Ex-Gov. Lingle is underdog in Hawaii Senate race
Strange doings are afoot in deep blue Hawaii, where the new Democratic governor, ex-Rep. Neil Abercrombie, is the most unpopular governor in the nation according to one pollster, and the old governor, Republican Linda Lingle, is now mounting a credible bid for the state’s open Senate seat.
Democratic firm Public Policy Polling gave Abercrombie, who saw four top staffers resign earlier this month, the dubious distinction after its polling showed his approval at a dismal 30% approval/56% disapproval. That puts him below some of PPP’s other poor performers, such as Govs. Rick Scott (R-FL) and John Kasich (R-OH).
Meanwhile, PPP also found that Lingle, reelected handily in heavily Democratic 2006, was only down six points to the front-runner for the Democratic nomination, Rep. Mazie Hirono. Lingle was leading the other contender for the nomination, ex-Rep. Ed Case. Case — whose congressional bid last year against now-Rep. Colleen Hanabusa split the Democratic vote, allowing Republican Charles Djou to briefly hold Hawaii’s First Congressional District after a special election — is deeply disliked by the Aloha State’s Democratic establishment, so Hirono is the preferred candidate.
Lingle, who doesn’t shy away from being called a RINO (Republican in Name Only), is an impressive recruiting victory for national Republicans, and she makes what could have been a yawner of a race to replace the retiring Sen. Daniel Akaka (D) into, instead, a real competition.
Given Republican opportunities elsewhere — Democrats could have more than a dozen competitive seats to defend next year — the GOP wins even if Lingle loses, so long as national Democrats need to spend precious resources in order to keep the seat blue — precious resources that they won’t be able to use elsewhere.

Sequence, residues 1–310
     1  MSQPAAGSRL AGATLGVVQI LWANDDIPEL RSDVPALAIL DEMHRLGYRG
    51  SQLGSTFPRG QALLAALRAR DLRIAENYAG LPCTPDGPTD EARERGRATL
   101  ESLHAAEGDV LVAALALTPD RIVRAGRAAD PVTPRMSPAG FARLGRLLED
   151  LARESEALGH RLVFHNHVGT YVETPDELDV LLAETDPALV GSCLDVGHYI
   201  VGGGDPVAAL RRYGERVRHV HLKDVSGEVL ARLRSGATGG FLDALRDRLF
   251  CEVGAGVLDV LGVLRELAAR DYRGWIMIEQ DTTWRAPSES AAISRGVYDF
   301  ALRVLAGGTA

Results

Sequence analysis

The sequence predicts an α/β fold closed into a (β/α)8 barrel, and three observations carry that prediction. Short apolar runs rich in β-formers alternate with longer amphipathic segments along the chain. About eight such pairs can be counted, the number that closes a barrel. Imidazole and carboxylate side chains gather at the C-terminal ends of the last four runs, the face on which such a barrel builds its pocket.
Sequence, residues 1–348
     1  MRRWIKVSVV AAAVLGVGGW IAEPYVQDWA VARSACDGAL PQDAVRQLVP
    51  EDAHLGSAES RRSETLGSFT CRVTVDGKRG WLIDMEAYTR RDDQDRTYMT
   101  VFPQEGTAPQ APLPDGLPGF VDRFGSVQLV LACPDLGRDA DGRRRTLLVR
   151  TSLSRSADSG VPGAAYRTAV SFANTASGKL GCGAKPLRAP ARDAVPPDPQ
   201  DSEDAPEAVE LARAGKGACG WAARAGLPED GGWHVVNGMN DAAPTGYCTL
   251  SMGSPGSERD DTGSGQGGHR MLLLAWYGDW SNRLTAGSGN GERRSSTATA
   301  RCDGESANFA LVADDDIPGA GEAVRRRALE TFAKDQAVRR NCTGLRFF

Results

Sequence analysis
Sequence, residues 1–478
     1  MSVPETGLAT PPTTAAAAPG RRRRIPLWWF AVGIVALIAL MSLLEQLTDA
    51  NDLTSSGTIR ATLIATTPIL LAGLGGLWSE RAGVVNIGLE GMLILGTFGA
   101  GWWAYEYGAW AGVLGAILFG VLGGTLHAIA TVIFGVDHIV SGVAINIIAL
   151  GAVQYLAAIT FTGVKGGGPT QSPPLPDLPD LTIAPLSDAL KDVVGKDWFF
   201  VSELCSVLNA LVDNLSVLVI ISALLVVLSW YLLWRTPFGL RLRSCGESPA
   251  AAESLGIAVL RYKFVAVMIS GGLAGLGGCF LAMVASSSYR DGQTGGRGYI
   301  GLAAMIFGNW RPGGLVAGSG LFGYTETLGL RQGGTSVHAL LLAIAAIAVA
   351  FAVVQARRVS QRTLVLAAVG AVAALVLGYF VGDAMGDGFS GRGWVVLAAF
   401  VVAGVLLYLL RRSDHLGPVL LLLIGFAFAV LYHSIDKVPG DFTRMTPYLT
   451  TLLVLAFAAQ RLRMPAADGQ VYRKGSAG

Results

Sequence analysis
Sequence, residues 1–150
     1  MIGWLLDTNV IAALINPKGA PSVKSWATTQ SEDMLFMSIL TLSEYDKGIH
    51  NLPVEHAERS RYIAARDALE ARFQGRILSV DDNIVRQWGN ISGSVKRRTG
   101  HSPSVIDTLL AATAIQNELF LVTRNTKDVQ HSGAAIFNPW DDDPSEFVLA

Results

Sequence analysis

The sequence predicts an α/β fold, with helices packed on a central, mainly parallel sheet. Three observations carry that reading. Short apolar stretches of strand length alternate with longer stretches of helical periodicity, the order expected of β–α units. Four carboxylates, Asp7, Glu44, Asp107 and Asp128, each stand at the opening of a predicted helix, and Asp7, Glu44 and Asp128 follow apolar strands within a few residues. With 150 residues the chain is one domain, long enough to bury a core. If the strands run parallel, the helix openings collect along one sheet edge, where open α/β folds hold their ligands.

But let’s not forget that native Hawaiian Barack Obama will also be on the ballot next year, and he took more than 70% of the vote in Hawaii in 2008. He should pile up a big victory this time, too, which means Lingle — who introduced Sarah Palin at the 2008 Republican convention (Hawaiians may not know that now but they will by the end of the campaign — will need a lot of ticket-splitting to win.
So, we continue to rate this race Leans Democratic.
— Kyle Kondik
Snoozers approach on November ballot
Perhaps the three biggest races in the upcoming Nov. 8 off-year general elections are all shaping up to be pretty uncompetitive.
For the first two, that isn’t a surprise. For months, it’s been clear that Republican Phil Bryant would win the open Mississippi governor’s chair (Republican Haley Barbour is term-limited) and that incumbent Democratic Gov. Steve Beshear would win a second term in Kentucky. But the apparent uncompetitiveness of the third — a referendum on Ohio’s Senate Bill 5, which restricts the rights of public sector unions — is something of a surprise.
Two national polling outfits, PPP and Quinnipiac, have both shown the referendum on the GOP-backed union restrictions (Issue 2 in Ohio) losing by 20 points or more. Even with the necessary caveats — it’s hard to poll issue elections, turnout is unpredictable in off-years — it appears that labor is in a good position to win this high-profile battle handily.
What do we take from these off-year elections? Nothing. They have zero predictive value for next year.
— Kyle Kondik